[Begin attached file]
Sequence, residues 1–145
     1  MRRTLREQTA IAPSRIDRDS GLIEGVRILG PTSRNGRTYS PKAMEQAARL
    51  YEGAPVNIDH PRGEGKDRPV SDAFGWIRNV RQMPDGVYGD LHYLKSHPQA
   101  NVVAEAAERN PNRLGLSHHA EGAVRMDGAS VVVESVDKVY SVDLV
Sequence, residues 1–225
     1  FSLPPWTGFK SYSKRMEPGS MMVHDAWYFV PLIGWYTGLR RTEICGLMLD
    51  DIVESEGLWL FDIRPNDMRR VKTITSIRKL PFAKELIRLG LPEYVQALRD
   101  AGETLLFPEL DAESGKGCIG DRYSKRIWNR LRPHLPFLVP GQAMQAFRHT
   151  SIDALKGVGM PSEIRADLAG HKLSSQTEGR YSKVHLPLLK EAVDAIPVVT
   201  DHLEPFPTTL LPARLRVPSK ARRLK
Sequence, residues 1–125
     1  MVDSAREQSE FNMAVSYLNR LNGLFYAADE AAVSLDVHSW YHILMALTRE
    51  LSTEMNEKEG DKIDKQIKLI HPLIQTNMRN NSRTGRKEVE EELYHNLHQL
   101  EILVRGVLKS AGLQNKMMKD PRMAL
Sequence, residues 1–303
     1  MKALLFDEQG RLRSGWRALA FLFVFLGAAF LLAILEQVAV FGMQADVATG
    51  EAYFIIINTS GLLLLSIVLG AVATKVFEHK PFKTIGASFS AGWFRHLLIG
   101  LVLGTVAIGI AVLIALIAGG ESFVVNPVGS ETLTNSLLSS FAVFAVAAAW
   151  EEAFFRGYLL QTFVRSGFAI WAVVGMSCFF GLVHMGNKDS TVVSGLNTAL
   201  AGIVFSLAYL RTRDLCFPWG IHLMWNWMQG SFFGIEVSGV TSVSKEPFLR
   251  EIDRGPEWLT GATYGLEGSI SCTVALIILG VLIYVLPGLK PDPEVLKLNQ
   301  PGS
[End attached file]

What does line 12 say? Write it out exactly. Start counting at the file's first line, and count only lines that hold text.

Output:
     1  MVDSAREQSE FNMAVSYLNR LNGLFYAADE AAVSLDVHSW YHILMALTRE